The impact of warming on pain and wound healing after hernia surgery: a preliminary study

J Wound Care. 2006 Mar;15(3):104-8. doi: 10.12968/jowc.2006.15.3.26879.


Objective: To determine whether the application of warmth after hernia surgery reduces pain and aids wound healing.

Method: Forty-five patients were recruited and randomised to receive either no warming;two hours of warming immediately after surgery; or seven days of warming.

Results: Postoperative pain scores were significantly lower after two hours of warming immediately after surgery compared with the non-warmed patients (p<0.05). Pain scores were lower on each of the first seven postoperative days in the warmed groups compared with the non-warmed subjects. Patients in the warmed groups also had lower ASEPSIS wound scores.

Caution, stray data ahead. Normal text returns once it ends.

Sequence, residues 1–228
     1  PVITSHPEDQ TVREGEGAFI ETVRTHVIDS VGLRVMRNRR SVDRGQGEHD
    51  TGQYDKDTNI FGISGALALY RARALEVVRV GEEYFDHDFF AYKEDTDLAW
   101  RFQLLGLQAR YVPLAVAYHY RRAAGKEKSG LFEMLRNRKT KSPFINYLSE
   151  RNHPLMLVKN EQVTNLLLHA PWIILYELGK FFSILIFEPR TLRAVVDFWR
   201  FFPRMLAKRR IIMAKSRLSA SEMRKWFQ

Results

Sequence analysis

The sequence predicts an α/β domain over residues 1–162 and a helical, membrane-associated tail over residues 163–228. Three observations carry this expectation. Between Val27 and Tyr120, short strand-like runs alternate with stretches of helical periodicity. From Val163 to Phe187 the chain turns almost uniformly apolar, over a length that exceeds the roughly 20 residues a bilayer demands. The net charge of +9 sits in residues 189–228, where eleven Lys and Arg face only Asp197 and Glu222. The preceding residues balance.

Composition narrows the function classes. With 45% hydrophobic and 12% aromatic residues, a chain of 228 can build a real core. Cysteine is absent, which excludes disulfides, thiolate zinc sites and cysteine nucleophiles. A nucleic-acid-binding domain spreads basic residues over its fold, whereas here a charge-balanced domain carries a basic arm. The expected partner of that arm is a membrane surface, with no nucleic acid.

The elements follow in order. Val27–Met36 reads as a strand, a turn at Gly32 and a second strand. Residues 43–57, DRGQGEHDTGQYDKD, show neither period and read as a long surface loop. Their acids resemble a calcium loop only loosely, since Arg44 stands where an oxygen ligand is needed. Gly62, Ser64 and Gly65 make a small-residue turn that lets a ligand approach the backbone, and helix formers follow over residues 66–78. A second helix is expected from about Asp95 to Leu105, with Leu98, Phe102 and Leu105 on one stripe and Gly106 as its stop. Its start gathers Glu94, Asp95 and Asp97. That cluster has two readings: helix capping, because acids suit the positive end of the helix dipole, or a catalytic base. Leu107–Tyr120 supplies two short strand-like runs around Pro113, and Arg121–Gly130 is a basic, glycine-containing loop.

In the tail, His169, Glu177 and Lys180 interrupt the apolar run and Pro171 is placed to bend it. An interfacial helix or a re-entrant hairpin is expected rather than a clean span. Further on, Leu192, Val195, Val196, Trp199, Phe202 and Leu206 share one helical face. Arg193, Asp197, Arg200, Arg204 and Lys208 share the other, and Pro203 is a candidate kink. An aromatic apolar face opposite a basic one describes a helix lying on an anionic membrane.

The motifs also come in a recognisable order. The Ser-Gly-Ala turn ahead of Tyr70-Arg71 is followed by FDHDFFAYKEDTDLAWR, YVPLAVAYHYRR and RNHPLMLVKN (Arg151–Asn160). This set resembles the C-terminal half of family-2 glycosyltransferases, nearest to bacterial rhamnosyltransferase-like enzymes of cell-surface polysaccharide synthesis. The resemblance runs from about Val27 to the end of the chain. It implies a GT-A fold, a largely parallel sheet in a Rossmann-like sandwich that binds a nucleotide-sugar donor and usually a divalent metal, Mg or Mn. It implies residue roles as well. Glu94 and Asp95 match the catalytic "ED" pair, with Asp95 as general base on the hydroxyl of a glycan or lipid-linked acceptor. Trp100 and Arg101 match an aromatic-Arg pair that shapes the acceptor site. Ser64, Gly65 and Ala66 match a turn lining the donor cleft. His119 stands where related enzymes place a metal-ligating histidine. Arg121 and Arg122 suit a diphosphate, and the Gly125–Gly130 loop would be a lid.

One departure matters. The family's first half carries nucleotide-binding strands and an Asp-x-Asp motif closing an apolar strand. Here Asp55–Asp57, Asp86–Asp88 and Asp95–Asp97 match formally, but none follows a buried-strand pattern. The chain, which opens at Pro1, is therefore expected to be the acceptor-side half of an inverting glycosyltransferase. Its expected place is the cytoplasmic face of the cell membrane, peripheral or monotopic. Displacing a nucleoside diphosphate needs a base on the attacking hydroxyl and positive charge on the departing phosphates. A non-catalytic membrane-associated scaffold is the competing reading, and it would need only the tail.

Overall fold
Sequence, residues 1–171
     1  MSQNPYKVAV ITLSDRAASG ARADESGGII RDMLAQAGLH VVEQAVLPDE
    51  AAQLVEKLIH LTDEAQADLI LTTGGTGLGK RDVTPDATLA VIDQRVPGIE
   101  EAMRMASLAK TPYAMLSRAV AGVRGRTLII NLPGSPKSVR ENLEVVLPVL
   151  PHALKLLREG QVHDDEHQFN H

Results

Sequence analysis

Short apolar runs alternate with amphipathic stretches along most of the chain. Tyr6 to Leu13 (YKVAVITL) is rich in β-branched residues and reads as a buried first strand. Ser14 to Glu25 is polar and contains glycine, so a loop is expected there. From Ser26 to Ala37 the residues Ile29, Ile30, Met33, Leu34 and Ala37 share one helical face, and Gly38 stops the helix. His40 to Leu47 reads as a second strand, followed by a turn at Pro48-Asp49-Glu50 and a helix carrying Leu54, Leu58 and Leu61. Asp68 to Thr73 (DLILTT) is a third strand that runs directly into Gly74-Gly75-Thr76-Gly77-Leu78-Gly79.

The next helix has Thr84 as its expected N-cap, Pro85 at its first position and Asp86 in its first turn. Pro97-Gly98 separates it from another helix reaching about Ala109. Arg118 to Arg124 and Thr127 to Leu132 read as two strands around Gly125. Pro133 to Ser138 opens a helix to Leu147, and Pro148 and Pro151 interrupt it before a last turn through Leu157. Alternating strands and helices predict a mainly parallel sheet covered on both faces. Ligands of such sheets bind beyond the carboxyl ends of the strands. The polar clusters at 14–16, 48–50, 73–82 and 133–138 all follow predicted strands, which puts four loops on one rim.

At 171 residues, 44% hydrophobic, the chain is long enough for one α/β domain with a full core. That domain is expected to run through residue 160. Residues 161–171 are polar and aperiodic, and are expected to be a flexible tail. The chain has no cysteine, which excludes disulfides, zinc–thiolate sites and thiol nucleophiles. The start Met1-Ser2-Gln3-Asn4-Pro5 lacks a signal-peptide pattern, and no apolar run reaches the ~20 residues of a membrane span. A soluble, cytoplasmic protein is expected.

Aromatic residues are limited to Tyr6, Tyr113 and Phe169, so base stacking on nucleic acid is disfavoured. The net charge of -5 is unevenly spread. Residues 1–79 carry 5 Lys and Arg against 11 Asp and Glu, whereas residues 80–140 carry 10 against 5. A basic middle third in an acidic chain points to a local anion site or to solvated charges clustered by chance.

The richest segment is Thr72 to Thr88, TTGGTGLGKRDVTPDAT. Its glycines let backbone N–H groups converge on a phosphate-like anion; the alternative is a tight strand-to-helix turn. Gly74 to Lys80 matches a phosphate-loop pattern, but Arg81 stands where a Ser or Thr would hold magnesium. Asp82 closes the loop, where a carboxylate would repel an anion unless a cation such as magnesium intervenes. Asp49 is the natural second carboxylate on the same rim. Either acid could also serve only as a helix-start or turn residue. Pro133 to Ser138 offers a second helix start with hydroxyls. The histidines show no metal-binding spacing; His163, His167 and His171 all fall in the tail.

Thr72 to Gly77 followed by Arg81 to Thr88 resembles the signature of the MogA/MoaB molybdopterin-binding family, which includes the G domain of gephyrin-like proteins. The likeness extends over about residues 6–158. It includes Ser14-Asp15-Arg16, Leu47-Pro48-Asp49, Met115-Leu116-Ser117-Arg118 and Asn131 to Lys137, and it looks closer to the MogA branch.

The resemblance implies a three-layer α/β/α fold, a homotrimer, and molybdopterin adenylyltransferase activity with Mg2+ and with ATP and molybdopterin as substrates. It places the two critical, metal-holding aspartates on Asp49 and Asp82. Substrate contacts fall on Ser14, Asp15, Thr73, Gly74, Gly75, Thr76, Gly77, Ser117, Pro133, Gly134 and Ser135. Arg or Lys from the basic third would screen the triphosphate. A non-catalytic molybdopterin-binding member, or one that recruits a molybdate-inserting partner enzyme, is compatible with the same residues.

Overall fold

Conclusion: Warming may allow wounds to heal with fewer complications. In addition, warming for only two hours immediately after surgery may provide similar benefits to seven days of warming.

Publication types

  • Comparative Study
  • Randomized Controlled Trial
  • Research Support, Non-U.S. Gov't

MeSH terms

  • Adult
  • Female
  • Follow-Up Studies
  • Hernia, Inguinal / diagnosis
  • Hernia, Inguinal / surgery*
  • Hot Temperature / therapeutic use
  • Humans
  • Hyperthermia, Induced / methods*
  • Male
  • Middle Aged
  • Pain Measurement
  • Pain, Postoperative / diagnosis
  • Pain, Postoperative / therapy*
  • Patient Satisfaction
  • Postoperative Care / methods
  • Probability
  • Reference Values
  • Risk Factors
  • Severity of Illness Index
  • Treatment Outcome
  • Wound Healing / physiology*